Allowing ‘Reaching Out’ to adapt and develop is about letting communities own the direction of the project.

Author: Megan Barlow-Pay

One of the ongoing challenges we have faced delivering this programme of work is that, ironically, the project was designed and developed without much input from communities. I know, I know. We are supposed to be all about Public Involvement and promoting the community voice. Sadly on this occasion the realities of funding timelines meant this was challenging at best.

Our original bid was for a 3 phased project:

  1. The Storytelling workshopbringing a wide representation of communities and groups together for a one-off celebration of Southampton’s diversity
  2. The Community Champions Advisory Group (CCAG)made up of attendees from the story telling event, this group would work alongside us to shape, guide, and co-develop phase 3
  3. ‘Spaces for Engagement and Involvement‘ – Working with the CCAG, and taking a ‘needs based, place based’ approach, we would take public involvement activities out of a clinical or academic setting, and hold a series of fun, engaging and informal events in the community.

The reality though, was this project was dreamed up without real input from the very communities the we were hoping would be at the heart of it. Whilst we had some inspiring conversations at last year’s Mela festival and worked collaboratively with our fabulous existing PPI members, we didn’t integrate the thoughts, opinions and needs of the communities we were hoping to reach out to. (And at this point, had not real links or relationships with anyone from them).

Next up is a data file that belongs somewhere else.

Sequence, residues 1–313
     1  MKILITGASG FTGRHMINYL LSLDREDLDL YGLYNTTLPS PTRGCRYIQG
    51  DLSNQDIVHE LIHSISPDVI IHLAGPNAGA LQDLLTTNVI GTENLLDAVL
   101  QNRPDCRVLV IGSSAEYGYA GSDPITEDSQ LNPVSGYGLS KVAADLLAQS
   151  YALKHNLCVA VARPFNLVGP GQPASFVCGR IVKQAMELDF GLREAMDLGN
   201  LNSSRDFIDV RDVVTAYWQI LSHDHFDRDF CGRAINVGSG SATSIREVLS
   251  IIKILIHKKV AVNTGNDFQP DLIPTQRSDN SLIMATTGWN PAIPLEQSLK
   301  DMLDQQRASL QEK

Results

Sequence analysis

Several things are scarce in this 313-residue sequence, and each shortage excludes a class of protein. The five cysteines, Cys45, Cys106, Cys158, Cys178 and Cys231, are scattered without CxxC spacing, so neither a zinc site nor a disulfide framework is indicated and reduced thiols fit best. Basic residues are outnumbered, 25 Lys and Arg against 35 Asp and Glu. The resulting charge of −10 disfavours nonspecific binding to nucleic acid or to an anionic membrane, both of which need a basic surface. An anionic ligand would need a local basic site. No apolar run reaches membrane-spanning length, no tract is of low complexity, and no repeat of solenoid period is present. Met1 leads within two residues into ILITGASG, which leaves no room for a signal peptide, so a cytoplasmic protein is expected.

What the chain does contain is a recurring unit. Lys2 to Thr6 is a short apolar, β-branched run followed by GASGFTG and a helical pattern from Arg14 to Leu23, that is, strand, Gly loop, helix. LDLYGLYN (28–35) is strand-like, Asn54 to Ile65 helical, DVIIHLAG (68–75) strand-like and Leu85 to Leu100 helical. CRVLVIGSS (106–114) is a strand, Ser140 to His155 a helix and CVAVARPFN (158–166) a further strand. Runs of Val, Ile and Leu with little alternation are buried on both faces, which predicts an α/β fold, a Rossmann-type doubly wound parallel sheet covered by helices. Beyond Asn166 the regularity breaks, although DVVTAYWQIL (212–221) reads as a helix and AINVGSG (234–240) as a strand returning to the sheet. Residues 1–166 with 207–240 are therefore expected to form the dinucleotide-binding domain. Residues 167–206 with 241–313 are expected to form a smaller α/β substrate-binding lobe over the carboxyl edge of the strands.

It shouldn’t have come as a surprise to us then (after all, we are constantly warning others of the pitfalls of doing ‘for’ rather than ‘with’), our plans began to unravel at phase 2. Despite the success of the workshop, just 1 attendee felt they could commit to the CCAG.

The reasons behind this?
People didn’t feel they could commit to regular meetings.
The concept of the group was to vague. (We had left it deliberately ‘open’, with the intention that the members would define and have ownership).
They couldn’t see the direct benefit to the individual or their community.

Again, we needed to allow ourselves to relinquish control, admit we were wrong, and be flexible for the project to work. We worked individually with various community members who had been at the storytelling workshop, and asked them to take over re-shape and redefine the 2nd and 3rd stage of the project around their needs. (Thank you to INVOLVE who are in part funding and monitoring the project, and are happy for us to adapt as we go along!).

The new plan:


2. Individual community collaboration. We will continue to collaborate with representatives from different communities in Southampton on a 1:1 basis (rather than in a wider advisory group) in order to co-design future ‘spaces for involvement’ events. This will allow us to be flexible to their other commitments, needs and time restraints, and not place too much expectation on people to join a formal group.
3. ‘Spaces for Engagement and Involvement’. We will ‘piggy back’ onto existing community events, providing spaces where we will host conversations about research and health.

We are looking forward to running a series of ‘Spaces for Engagement and Involvement’ alongside different community events, including The Holyrood Estate’s summer garden party, West Itchen Community Trust’s summer event, and a Friday prayers at a local Mosque.

This is with great thanks to the community members who have pushed us in a different (and better) direction!

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